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Turning Bills Into Bits

Tim Barnett, chief technology officer, Barnett discusses the Spectrum business model and the future of electronic bill payment and presentment (EBPP).

Spectrum EBP is a two-year-old bill presentment "hub" owned by Chase Manhattan Bank, First Union and Wells Fargo. Additional participants include BB&T, First Tennessee National, FleetBoston Financial, Hibernia National Bank, Marshall & Ilsley Bank, Provident Bank and Union Bank of California.Tim Barnett was recently appointed chief technology officer of Atlanta-based Spectrum. Previously, he was chief technology officer at Nova Information Systems, a third party processor/acquirer, and held jobs in the networking and data communication industries. In an interview with BS&T associate editor Ivan Schneider, Barnett discusses the Spectrum business model and the future of electronic bill payment and presentment (EBPP).

BS&T: Describe the Spectrum technology platform.

BARNETT: Right now we're in the process of bringing up our next-generation platform. It's both an OFX and an IFX-based platform for payments and presentment. I'm really excited to have the IFX piece in there. Editor's Note: Open Financial Exchange (OFX) and Interactive Financial Exchange (IFX) are industry-standard message specifications for bill payment and presentment.

Our biggest challenge will be to move software vendors and the banks to start using IFX.

BS&T: What's IFX going to allow?

BARNETT: With IFX you can support split payments. Suppose you have your mortgage presented online, and you want to pay 'X' dollars towards your principal and the rest towards the interest. IFX would actually split those out within a single payment.

IFX also helps send remittance data back to the biller. People who put bills online today often just view them online and then still write a check and mail it in, which really causes more work because the original invoice isn't with the check.

BS&T: What about credit card payments?

BARNETT: Our next-generation switch will also support credit card payments. We're not going to be an acquirer, but if someone did choose to pay their bill using the Amex card because they want frequent flier points, we're not going to dictate how that happens. It doesn't really impact our model at all either. Unlike an acquiring bank, we don't make money on interchange and dues and assessments and things like that. It's a straight transactional model- it's just another transaction to us. We'll facilitate the transaction but we don't participate in the interchange revenue.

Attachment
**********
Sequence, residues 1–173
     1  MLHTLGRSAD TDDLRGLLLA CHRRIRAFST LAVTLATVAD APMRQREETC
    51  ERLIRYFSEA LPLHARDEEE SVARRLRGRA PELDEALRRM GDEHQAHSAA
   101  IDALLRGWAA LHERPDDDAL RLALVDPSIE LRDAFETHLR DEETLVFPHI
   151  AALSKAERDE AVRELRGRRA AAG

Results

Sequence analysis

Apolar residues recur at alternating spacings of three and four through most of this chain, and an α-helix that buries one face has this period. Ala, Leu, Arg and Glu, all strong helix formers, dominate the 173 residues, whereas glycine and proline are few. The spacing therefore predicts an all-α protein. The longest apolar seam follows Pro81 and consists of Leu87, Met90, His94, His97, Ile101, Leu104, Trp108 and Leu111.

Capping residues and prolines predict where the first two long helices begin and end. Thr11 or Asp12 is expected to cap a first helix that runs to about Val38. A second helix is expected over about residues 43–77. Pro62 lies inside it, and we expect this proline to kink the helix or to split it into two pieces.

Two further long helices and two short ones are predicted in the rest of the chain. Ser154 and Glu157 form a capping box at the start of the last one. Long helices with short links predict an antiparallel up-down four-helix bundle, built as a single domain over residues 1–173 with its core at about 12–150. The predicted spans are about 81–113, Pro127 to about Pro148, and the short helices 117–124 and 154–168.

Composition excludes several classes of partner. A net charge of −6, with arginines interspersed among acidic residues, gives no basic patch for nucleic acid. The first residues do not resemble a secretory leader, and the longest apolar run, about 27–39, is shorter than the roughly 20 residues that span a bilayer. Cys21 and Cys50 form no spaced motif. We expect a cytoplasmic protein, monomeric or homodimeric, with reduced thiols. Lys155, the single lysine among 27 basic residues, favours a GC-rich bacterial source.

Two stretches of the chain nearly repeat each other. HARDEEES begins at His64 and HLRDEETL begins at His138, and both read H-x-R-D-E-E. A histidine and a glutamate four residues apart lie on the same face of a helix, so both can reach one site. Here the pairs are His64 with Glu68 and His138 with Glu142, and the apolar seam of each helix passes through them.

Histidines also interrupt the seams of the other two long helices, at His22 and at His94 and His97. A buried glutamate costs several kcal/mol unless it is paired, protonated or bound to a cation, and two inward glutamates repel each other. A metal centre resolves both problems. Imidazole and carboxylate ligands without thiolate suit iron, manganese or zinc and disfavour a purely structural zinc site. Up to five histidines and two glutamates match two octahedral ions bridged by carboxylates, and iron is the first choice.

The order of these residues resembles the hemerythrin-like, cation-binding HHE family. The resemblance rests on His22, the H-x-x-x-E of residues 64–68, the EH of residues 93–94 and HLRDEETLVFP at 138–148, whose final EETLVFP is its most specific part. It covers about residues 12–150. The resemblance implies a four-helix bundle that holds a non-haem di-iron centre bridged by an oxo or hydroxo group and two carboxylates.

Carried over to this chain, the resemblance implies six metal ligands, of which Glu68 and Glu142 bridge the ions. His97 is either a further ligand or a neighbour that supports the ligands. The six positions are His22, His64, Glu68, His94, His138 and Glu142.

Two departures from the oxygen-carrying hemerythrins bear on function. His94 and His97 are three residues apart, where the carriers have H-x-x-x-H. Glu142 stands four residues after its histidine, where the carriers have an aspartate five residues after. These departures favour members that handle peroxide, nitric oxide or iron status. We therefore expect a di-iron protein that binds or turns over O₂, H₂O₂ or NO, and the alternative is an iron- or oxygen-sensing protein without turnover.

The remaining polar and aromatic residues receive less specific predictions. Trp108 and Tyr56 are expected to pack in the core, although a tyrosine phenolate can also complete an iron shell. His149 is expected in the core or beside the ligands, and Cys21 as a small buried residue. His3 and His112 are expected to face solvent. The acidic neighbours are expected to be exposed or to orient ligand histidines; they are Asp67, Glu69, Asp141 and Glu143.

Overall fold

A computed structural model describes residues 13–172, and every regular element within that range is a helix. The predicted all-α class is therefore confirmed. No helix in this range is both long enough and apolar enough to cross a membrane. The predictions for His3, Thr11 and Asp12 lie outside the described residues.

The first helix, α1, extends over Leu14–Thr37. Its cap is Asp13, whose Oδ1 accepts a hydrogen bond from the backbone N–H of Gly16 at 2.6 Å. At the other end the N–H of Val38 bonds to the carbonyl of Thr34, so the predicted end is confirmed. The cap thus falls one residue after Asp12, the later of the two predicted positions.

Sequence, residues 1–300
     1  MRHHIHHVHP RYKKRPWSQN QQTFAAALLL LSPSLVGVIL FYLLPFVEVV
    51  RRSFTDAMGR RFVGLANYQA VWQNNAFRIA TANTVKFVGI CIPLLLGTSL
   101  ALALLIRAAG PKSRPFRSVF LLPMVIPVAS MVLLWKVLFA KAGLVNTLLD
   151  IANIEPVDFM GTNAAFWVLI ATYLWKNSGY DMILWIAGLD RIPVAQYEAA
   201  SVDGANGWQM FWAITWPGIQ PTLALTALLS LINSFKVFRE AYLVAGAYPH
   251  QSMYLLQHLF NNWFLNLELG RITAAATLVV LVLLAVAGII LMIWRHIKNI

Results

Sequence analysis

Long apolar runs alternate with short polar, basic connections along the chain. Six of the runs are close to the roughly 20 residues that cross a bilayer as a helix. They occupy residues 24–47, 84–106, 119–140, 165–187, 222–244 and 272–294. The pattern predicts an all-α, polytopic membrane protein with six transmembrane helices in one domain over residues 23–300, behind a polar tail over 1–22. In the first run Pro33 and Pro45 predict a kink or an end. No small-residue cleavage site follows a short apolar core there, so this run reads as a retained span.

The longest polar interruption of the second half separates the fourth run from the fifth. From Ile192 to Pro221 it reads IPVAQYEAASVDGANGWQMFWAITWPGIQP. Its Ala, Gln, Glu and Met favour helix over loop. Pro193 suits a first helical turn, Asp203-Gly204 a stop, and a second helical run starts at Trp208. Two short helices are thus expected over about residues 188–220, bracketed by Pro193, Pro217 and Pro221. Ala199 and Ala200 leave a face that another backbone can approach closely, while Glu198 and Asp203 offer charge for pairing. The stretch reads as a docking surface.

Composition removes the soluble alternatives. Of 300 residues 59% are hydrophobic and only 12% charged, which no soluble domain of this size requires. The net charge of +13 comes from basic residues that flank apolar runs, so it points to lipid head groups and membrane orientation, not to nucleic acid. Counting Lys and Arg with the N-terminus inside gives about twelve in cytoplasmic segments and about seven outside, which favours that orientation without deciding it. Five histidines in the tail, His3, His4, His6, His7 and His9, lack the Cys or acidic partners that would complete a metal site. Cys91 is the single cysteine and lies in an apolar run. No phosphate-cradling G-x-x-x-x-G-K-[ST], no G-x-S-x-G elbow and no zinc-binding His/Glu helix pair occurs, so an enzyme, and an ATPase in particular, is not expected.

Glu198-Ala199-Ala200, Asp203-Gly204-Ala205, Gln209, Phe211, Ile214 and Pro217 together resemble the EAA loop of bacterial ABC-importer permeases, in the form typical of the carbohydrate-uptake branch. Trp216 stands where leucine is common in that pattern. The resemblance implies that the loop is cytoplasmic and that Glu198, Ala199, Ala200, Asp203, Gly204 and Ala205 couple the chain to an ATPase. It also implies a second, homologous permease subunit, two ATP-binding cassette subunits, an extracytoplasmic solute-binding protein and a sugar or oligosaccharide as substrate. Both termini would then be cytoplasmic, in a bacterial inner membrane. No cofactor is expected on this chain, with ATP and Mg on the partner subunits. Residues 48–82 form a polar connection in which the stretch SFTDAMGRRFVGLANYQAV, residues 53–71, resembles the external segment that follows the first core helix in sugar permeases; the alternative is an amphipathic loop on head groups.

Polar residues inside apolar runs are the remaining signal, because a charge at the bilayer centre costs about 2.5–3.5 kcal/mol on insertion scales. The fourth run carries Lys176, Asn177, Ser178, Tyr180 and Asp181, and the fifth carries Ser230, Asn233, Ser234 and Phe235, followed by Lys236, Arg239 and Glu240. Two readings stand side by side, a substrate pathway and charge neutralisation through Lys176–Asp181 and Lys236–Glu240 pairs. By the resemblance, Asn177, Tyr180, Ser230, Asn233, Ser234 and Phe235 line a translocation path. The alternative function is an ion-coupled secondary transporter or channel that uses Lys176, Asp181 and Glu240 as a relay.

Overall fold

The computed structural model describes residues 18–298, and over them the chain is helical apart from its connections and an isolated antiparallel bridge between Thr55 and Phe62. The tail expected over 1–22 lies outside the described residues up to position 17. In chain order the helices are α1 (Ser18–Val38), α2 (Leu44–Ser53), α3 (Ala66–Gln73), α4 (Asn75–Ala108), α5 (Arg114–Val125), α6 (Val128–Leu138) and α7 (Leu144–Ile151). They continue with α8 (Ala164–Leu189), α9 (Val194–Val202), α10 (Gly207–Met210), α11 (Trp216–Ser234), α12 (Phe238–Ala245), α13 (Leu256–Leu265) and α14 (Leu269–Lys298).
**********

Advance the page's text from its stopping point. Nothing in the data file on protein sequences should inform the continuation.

Certainly from a biller's perspective, they would much rather have the payment take place from one DDA account to another.

BS&T: How does Spectrum make money?

BARNETT: When the banks join as members of Spectrum, there are membership dues as with an association model. We also get money through both presentment of the bills and payment of the transactions.

The idea is to become the low-cost provider in order to spur adoption. If a bank has a relationship with Spectrum, they get very attractive transactional pricing.

BS&T: What are the reasons to sign up?

BARNETT: If I'm a small bank and I join Spectrum, the great thing for me is that I get all of the billers that have been brought there by the other banking entities-my customers have access to them. At the same time, any of the billers that the banks bring into the relationship with the switch can post their bills at any of the other banks.

There have been a number of different bill payment models. Some of the larger billers use a biller-direct model, where you go to one place to pay your phone bill, another place to pay your gas and electric bill and so on. Overwhelmingly, in all the studies that are being conducted, people really want to pay their bills at their bank. That's their most trusted entity. The banks have the relationships with both the consumers as well as with all of the businesses.

BS&T: How do billers participate?

BARNETT: First, they'd select a BSP, or a biller service provider. There are a number of companies that do that, such as Avolent or edocs. They certify with Spectrum, get all the messaging correct, and then offer a turnkey application for these smaller banks and their billers.

The billers need to be sponsored by a bank. We would have professional relationships with BSPs, but the billers would have to come through the banks.

BS&T: Can large billers act as their own BSP?

BARNETT: There's nothing preventing large billers from physically hooking directly into Spectrum as long as they were sponsored by their bank, and they coded to the proper IFX-OFX message interface.

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